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Graduate Student Seminar - 03/16/2018

"Nanoscale Imaging of Perovskite Solar Cell Functionality"

by Elizabeth Tennyson

Advisor:  Professor Marina Leite

Friday, March 16, 2018 -- 12:00 p.m.
Large Conference Room, 1207 Energy Research Facility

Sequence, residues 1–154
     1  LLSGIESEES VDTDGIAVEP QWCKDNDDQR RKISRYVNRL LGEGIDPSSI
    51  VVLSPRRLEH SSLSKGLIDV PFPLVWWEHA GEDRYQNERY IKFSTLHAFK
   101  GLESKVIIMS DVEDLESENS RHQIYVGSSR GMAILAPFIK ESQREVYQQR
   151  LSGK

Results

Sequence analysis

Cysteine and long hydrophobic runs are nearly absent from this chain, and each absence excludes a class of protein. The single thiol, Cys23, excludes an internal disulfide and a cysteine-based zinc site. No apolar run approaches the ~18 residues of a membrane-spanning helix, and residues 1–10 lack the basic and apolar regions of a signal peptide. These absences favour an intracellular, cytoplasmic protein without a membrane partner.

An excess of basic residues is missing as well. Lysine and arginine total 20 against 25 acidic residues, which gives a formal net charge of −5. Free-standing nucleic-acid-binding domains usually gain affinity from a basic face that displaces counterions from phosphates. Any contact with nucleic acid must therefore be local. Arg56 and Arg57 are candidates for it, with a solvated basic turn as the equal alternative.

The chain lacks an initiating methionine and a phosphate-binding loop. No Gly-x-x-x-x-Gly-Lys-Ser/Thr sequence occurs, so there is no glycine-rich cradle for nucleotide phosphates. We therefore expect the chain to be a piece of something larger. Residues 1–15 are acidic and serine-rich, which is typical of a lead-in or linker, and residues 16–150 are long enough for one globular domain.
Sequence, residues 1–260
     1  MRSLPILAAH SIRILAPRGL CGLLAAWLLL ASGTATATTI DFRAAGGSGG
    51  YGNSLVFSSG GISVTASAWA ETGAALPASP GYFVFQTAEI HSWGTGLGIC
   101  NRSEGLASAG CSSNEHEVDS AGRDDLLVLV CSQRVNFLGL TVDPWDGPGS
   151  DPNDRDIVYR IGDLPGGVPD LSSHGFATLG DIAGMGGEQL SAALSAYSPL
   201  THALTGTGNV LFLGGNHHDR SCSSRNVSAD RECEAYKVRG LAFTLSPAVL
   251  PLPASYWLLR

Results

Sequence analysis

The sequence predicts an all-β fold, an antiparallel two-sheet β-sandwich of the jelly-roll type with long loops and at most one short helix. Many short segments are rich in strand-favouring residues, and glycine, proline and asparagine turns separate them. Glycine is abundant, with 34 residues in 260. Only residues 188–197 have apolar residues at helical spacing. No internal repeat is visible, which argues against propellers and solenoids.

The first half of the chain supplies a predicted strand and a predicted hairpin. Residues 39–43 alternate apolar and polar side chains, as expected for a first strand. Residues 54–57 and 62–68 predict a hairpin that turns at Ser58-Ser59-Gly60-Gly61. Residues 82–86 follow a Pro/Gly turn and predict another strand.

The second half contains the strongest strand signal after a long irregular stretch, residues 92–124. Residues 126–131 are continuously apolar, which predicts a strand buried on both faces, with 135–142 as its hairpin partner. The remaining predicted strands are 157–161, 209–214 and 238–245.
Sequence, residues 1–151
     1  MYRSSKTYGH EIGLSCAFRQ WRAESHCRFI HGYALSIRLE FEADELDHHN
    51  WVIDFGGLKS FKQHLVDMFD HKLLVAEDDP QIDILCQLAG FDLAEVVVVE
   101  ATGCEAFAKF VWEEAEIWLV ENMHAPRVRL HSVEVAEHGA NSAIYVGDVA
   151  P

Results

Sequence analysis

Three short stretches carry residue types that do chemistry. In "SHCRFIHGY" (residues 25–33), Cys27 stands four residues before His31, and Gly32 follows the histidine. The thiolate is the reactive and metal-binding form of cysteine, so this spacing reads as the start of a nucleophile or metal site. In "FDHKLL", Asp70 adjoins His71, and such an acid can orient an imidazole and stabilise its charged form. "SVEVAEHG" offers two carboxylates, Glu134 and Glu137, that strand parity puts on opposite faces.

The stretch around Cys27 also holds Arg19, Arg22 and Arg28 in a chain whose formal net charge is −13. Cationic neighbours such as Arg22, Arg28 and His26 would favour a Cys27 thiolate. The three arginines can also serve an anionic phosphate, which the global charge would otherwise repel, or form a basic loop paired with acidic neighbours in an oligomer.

Abstract: Next generation photovoltaic technologies scalable for global deployment must exhibit two characteristics: (i) high power-conversion efficiency and, (ii) low-cost/W. Extensive efforts have been made to boost the efficiency of high performance and low-cost photovoltaic materials, such as hybrid organic-inorganic perovskites. However, improvement in the overall performance is still limited by the open-circuit voltage (Voc). Perovskites are composed of grains and grain boundaries on the order of micro- and nanometers, respectively, and their nanoscale interfaces could potentially induce charge carriers to recombine nonradiatively, reducing the Voc. The electronic properties of individual grains and the interfaces between the grains can be fully resolved by using nanoscale spatial resolution characterization approaches. For this, I implement Kelvin probe force microscopy (KPFM) and demonstrate a universal method to directly map the Voc of any photovoltaic material. Next, we extend KPFM to rapidly image (16 sec/map) the real-time dynamics of perovskite solar cells, which are notorious for their slow and unstable electrical output. Through fast-KPFM imaging, we discover regions within a single grain that show a residual Voc response which pervades for ~9 min, likely caused by a slow ion migration process. Finally, to understand how different perovskite compositions influence the behavior of the nanoscale electrical response, I utilize KPFM to realize both irreversible and reversible Voc signals. I foresee the functional imaging methods developed in this thesis to be widely implemented as a diagnostic tool for the rational design of photovoltaics with enhanced electrical performance and lower cost.

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